5 Tips for Selecting Art

Do you know what you are looking for?? I can hazard a guess, probably not or at best you think you have an idea! However did you know there is more art in the market place now than any other time previously, literally millions of artworks or what is mistakenly called art is in circulation! If you are unfamiliar with selecting and buying art this blog will assist in preparing you to do so! If you’re a confident art buyer, remember to challenge yourself a little in assessing your next art purchase

john maitland, artist

Rainforest II, John Maitland

So how do you arrange your thoughts to initially define your art taste, let alone you partners? Will they be similar or different and where does one start to qualify the art one likes? So much of your ‘likes’ in art come from your exposure or involvement with art, namely ones art education, art in the home you grew up in or at a relatives or friends, travels and art viewing, friends and colleagues who’s interest in art is talked about and shared etc.

I am making an assumption here! You are unlikely to consider art worthy to buy unless you have your own home i.e. house, apartment, unit etc! Home ownership gives you a safe haven for the art, enhances your living environment, and gives you enjoyment and satisfaction or even pride of art ownership.

Ken Strong, artist

Pittwater Turmoil, Ken Strong

Obviously your wall spaces available will dictate the numbers of 2d art, i.e. paintings, works on paper, limited edition prints etc. Available floor spaces allowing for a navigable people flow around, can be the stage for 3d art collecting; principally sculpture; as well as outside courtyards, deck, veranda’s and garden grounds.

Tip 1 Where

Define where you want to place art. Prioritise the areas for art; qualify the important areas for art those that have the greatest site impact with viewing frequency. May I suggest you even get a brown paper roll unfold to an approx. wall size of the 2d art you could accommodate and fix this to the wall. Look at it for a while, consider wall balance then maybe fold side or bottom of paper and re affix to wall for final adjustment to establish the size you most prefer!

Tip 2 What

On an evening or weekend with few or no distraction or overriding ”to do’s”, sit down with the art decision makers and view an Australian art picture book with ‘stick its’ at the ready to review the pages of the book, sticking a tag on the artworks you like. Do this separately first and then review the common tags. NB two coloured tags required. This is the first albeit basic way to understand your partner’s art taste and preferences. This of course will open a new platform for discussion, thrash it out to define a range of styles and artists in common. This presents the first process in defining your tastes and aligning it with your partner, friend, tenant etc. Record the artists names, styles, colours, themes you have in common and why! The later reference here will be useful when you are reviewing. It will give insight, understanding and appreciation of the others point of view.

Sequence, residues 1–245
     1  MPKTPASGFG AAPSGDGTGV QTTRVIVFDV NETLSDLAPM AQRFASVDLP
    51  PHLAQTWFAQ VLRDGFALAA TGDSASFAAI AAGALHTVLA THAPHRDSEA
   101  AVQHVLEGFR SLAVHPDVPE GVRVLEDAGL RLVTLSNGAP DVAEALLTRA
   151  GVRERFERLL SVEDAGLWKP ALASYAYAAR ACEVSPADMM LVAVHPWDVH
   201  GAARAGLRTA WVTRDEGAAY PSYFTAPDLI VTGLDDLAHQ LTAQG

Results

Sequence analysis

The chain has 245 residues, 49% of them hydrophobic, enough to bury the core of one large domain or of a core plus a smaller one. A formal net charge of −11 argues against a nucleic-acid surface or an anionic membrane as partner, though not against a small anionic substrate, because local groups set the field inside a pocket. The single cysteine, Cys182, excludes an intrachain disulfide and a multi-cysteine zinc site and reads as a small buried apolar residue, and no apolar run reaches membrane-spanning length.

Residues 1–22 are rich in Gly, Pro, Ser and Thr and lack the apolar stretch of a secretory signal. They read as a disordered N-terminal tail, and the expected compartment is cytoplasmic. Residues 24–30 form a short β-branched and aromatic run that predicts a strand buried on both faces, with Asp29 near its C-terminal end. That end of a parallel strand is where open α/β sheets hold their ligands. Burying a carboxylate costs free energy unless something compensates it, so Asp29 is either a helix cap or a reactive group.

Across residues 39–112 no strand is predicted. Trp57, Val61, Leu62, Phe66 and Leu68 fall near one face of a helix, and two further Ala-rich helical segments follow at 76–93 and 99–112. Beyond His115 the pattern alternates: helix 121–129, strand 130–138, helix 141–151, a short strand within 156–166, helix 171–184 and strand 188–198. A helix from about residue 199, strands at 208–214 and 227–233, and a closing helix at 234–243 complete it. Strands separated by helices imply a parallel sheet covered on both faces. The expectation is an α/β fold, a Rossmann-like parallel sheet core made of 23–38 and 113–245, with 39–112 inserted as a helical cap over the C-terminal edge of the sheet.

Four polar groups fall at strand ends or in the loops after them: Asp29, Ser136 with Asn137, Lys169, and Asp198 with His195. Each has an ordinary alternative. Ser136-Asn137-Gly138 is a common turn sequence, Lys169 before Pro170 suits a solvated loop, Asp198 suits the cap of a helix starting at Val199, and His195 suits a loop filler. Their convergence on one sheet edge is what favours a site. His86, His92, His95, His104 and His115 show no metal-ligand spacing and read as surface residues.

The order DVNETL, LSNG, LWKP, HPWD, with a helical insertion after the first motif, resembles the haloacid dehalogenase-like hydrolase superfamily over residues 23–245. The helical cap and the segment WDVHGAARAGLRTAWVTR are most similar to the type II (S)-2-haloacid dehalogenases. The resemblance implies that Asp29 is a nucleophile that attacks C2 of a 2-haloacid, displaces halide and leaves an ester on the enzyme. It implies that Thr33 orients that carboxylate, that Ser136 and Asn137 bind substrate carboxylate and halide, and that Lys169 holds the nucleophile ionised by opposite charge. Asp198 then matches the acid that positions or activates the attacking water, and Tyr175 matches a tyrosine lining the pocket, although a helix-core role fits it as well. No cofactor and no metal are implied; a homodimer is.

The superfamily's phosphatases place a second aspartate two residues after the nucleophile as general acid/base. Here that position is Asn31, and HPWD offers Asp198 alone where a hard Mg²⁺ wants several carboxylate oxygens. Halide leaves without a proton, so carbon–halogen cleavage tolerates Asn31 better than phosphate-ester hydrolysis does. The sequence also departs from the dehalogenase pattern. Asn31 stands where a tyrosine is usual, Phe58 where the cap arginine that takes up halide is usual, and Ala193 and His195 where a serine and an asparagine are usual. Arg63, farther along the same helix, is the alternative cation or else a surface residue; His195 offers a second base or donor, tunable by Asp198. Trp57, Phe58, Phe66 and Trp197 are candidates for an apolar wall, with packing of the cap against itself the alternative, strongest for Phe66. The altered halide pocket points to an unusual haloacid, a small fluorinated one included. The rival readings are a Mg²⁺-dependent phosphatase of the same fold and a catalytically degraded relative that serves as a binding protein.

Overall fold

Tip 3 Visit 

With artists names at hand, visit a public art gallery or art institution, preferably one which has a permanent collection with a note pad at the ready. As you view the development of art by ‘period’ age you will understand and refine your art tastes? Share the art you respond to or not and begin to understand one another’s art preferences. Record this because this will be most helpful with the next stage of review, research and refinement.

 

Tracey Smith, artist

Echo of Emotions, Tracey Smith

Tip 4 Review

The notes and qualification of the art and artist art you like, need to be tested. Often you see one or two artworks of an artist you like, however this is not enough to say I begin to understand their artwork – style, subject matter, colouring, paint finish etc may show similarities. However the more you explore an artist’s work over time the more you are most likely to see change developing within their, style, tones, subjects. All of which are up for variation, refinement and influence. So just when you think you may be able to recognise an artist style, move on say 10 years in their output of art and differences will surely be evident. One can’t be surprised? It is natural for a whole raft of things to change in an artist life as with our own! This is when we recognize development in an artist direction and influence. E.g. the 1940’s figurative work could be replaced in the 1950’s with early abstraction and so on. Artist are not static, thank goodness, otherwise we would be in for a continuous out pouring of derivative art. Find the art you prefer from the different period of an artist’s career or direction!

Tip 5 Find

So you have your short list of art, now go looking for real examples in the market place for your favourites? This is a process in itself and how to understand where to look? This process defines what’s available, however be prepared for a complicated road unless you have help or time. Look out for roadblocks and bear traps namely; fakes, atypical examples, good and bad art by the artist, art with condition problems, understand price levels, comprehend an artists values and how ‘periods’ for their art will mean differing sell prices, and see some art that should have been destroyed by the artist before leaving the studio.

In the future I will expand further on buying art.

Happy  collecting!

Yours in art,
Mark Widdup
CHG Director

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